Tone is the resistance of a muscle to passive stretch. Central nervous system (CNS) abnormalities that cause weakness generally produce spasticity, an increase in tone associated with disease of upper motor neurons. Spasticity is velocity-dependent, has a sudden release after reaching a maximum (the "clasp-knife" phenomenon), and predominantly affects the antigravity muscles (i.e., upper-limb flexors and lower-limb extensors). Spasticity is distinct from rigidity and paratonia, two other types of hypertonia. Rigidity is increased tone that is present throughout the range of motion (a "lead pipe" or "plastic" stiffness) and affects flexors and extensors equally; it sometimes has a cogwheel quality that is enhanced by voluntary movement of the contralateral limb (reinforcement). Rigidity occurs with certain extrapyramidal disorders, such as Parkinson's disease. Paratonia (or gegenhalten) is increased tone that varies irregularly in a manner that may seem related to the degree of relaxation, is present throughout the range of motion, and affects flexors and extensors equally; it usually results from disease of the frontal lobes. Weakness with decreased tone (flaccidity) or normal tone occurs with disorders of motor units. A motor unit consists of a single lower motor neuron and all the muscle fibers that it innervates.
Muscle bulk generally is not affected in patients with upper motor neuron lesions, although mild disuse atrophy eventually may occur. By contrast, atrophy is often conspicuous when a lower motor neuron lesion is responsible for weakness and also may occur with advanced muscle disease.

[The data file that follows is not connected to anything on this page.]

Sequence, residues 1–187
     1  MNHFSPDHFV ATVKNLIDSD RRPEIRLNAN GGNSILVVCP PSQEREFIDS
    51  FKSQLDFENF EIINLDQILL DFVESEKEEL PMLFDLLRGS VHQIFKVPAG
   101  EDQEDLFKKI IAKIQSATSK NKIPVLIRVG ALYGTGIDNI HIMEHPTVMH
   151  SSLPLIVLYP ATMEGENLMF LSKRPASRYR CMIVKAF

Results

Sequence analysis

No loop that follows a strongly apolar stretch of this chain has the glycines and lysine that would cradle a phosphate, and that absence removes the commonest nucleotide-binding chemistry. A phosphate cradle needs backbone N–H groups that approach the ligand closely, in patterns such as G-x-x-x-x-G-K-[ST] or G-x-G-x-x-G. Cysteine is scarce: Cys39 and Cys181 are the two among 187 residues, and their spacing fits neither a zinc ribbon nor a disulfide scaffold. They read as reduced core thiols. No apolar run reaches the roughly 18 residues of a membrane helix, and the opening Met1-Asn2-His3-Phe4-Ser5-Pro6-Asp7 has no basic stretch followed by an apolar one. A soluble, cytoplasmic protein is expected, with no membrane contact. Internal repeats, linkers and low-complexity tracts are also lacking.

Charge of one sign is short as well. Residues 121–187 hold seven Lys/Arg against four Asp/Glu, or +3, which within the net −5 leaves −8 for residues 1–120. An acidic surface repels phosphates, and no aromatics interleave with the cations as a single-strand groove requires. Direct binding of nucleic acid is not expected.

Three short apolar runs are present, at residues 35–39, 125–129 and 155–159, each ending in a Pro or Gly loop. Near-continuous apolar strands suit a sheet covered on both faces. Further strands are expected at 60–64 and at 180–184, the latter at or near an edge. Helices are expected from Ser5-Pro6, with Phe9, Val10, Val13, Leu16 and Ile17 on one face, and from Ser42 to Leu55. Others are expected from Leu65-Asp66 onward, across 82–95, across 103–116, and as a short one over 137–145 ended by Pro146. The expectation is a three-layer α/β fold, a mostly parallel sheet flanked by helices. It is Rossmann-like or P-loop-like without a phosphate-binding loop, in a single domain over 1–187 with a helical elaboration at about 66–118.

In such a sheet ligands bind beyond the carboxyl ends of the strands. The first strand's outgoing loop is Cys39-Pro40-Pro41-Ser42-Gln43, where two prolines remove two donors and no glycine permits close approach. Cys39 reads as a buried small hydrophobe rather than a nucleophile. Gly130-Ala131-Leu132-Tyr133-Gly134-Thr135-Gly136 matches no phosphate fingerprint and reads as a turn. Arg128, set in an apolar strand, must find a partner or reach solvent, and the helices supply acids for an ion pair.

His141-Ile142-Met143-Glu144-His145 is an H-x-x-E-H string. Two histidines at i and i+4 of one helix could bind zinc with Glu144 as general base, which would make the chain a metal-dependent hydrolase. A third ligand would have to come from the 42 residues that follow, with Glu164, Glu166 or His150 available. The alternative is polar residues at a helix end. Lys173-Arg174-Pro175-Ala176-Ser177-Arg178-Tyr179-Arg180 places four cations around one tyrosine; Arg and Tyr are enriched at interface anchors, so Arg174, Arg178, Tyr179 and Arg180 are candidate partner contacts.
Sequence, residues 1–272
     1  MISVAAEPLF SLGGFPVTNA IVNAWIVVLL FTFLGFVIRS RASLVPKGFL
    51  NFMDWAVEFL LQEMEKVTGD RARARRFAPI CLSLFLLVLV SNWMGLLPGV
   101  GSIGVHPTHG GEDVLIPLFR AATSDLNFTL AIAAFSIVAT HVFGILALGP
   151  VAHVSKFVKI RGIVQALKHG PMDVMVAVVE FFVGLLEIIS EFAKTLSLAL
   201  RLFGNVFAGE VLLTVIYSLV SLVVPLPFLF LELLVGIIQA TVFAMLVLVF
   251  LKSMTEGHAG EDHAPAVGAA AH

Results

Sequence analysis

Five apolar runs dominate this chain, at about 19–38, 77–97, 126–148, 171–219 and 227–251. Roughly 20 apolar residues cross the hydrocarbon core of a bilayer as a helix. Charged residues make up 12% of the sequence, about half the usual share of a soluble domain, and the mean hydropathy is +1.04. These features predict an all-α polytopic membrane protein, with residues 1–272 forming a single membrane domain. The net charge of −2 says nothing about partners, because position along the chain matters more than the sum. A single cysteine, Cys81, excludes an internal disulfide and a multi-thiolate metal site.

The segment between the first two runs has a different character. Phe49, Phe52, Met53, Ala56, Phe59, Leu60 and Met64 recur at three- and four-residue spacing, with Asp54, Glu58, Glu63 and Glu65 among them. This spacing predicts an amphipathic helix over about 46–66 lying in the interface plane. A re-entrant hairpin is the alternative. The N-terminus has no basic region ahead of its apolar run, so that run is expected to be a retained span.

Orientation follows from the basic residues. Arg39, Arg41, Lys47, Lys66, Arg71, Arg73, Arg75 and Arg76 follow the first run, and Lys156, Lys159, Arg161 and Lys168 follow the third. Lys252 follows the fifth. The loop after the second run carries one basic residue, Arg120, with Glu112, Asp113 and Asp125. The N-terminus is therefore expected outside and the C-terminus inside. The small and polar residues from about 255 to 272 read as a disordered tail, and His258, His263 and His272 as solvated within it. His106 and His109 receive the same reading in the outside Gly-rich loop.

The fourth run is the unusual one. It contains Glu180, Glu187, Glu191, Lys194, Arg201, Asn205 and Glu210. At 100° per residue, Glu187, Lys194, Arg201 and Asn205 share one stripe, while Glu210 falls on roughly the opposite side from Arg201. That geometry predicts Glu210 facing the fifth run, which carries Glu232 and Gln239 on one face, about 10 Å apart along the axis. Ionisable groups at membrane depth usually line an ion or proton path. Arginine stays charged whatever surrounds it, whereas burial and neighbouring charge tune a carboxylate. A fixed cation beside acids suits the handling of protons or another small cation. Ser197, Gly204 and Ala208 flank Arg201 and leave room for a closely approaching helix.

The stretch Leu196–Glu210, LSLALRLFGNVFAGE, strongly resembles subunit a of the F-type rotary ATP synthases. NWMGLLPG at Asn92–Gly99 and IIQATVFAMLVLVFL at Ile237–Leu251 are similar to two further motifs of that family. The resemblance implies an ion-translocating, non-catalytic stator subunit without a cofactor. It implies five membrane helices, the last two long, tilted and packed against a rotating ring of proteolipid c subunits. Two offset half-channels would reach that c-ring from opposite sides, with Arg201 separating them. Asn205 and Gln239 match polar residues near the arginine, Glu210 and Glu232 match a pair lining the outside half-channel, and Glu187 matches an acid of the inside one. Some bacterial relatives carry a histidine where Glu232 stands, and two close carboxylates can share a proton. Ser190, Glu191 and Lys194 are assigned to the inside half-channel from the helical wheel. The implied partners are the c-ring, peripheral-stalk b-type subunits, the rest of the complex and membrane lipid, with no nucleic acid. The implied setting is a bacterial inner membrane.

Muscle stretch (tendon) reflexes are usually increased with upper motor neuron lesions, although they may be decreased or absent for a variable period immediately after onset of an acute lesion. This is usually—but not invariably—accompanied by abnormalities of cutaneous reflexes (such as superficial abdominals; Chap. 367) and, in particular, by an extensor plantar (Babinski) response. The muscle stretch reflexes are depressed in patients with lower motor neuron lesions when there is direct involvement of specific reflex arcs. The stretch reflexes generally are preserved in patients with myopathic weakness except in advanced stages, when they sometimes are attenuated. In disorders of the neuromuscular junction, the intensity of the reflex responses may be affected by preceding voluntary activity of affected muscles; that activity may lead to enhancement of initially depressed reflexes in Lambert-Eaton myasthenic syndrome and, conversely, to depression of initially normal reflexes in myasthenia gravis (Chap. 386).
The distinction of neuropathic (lower motor neuron) from myopathic weakness is sometimes difficult clinically, although distal weakness is likely to be neuropathic, and symmetric proximal weakness myopathic. Fasciculations (visible or palpable twitch within a muscle due to the spontaneous discharge of a motor unit) and early atrophy indicate that weakness is neuropathic.
Upper Motor Neuron Weakness
This pattern of weakness results from disorders that affect the upper motor neurons or their axons in the cerebral cortex, subcortical white matter, internal capsule, brainstem, or spinal cord (Fig. 22-1). These lesions produce weakness through decreased activation of the lower motor neurons. In general, distal muscle groups are affected more severely than are proximal ones, and axial movements are spared unless ...